About the solution
Parents with disabilities face numerous challenges when caring for a newborn. Besides the usual lack of sleep and anxiety about such a small and dependent life, much of the equipment for infants and children present substantial barriers for parents with disabilities. Changing tables are built for standing, bathtubs can take two hands, and cribs require parents to have substantial flexibility and lifting strength.
"My wife, Liz, is a little person; when she’s out of the house, she uses crutches and a lower-body brace that doesn’t bend. Around the house, we keep most of our storage low to the ground, and our activities are on the floor. By the time we brought our daughter, Madeleine, home from the hospital, we’d been thinking about the many adaptations needed to care for her. We consulted several times with Judi Rogers at Through the Looking Glass in Berkeley, Calif., a terrific organization with resources, advice, designs, and uniquely engineered equipment for parents with disabilities", Michael explained.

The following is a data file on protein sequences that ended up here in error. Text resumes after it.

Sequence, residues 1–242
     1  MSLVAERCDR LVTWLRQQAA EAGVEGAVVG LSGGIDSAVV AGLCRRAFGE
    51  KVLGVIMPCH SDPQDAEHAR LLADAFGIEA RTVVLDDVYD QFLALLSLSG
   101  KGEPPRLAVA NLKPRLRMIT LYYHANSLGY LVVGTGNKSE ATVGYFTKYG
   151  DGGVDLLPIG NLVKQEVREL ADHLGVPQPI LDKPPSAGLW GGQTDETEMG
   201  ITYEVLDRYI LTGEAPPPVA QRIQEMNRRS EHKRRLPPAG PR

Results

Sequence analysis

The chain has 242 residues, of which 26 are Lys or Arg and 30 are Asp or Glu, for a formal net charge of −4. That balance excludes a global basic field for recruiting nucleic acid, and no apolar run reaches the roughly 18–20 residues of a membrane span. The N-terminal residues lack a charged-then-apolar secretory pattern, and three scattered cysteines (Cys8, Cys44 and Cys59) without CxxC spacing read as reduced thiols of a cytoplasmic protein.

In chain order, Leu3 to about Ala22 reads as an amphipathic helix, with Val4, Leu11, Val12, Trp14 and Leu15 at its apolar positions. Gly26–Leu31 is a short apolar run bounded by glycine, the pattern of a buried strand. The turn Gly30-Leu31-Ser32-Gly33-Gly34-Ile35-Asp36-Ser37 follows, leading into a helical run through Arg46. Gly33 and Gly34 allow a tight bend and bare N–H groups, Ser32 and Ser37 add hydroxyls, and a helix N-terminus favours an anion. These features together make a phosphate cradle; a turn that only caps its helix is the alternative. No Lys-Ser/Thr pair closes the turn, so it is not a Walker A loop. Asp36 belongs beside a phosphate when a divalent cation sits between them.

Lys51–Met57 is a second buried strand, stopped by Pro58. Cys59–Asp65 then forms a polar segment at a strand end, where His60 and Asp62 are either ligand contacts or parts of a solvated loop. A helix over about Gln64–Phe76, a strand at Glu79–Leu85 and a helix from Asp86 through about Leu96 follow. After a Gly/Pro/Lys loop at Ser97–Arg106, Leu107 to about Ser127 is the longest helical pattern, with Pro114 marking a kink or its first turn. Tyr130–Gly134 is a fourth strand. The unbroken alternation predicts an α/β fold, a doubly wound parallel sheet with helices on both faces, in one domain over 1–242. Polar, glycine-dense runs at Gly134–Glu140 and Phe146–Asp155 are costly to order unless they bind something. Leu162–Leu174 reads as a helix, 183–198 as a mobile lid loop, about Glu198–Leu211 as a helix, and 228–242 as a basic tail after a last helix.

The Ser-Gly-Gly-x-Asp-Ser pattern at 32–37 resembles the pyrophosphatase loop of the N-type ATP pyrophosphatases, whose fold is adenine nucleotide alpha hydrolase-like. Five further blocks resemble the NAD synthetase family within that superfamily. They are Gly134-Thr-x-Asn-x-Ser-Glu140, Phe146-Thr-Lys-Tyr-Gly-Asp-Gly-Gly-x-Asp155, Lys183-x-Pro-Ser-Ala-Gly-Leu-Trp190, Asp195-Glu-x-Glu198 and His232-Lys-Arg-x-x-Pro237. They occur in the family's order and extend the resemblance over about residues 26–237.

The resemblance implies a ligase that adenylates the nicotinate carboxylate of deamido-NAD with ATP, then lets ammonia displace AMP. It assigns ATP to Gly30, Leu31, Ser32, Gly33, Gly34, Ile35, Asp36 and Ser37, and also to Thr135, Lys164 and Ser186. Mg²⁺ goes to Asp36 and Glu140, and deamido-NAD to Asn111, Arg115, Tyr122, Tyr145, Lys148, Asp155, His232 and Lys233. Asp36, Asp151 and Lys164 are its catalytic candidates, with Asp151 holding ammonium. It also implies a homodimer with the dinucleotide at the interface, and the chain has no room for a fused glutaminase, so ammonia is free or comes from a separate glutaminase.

Cribs are manufactured according to strict standards designed for the safety of the child, not for universal access. The railings are all 2 or 3 feet off the floor, and a foot or more above the mattress. Because infants are left unattended in cribs overnight, they need to be built in such a way that the child cannot accidentally fall out of the crib or get any part of their body (especially the head and neck) trapped between components.
So he created a crib where the railing opens from side to side, and the mattress is positioned just above the floor. This make it easy for parents to access the crib!
This solution shall not include mention to the use of drugs, chemicals or biologicals (including food); invasive devices; offensive, commercial or inherently dangerous content. This solution was not medically validated. Proceed with caution! If you have any doubts, please consult with a health professional.
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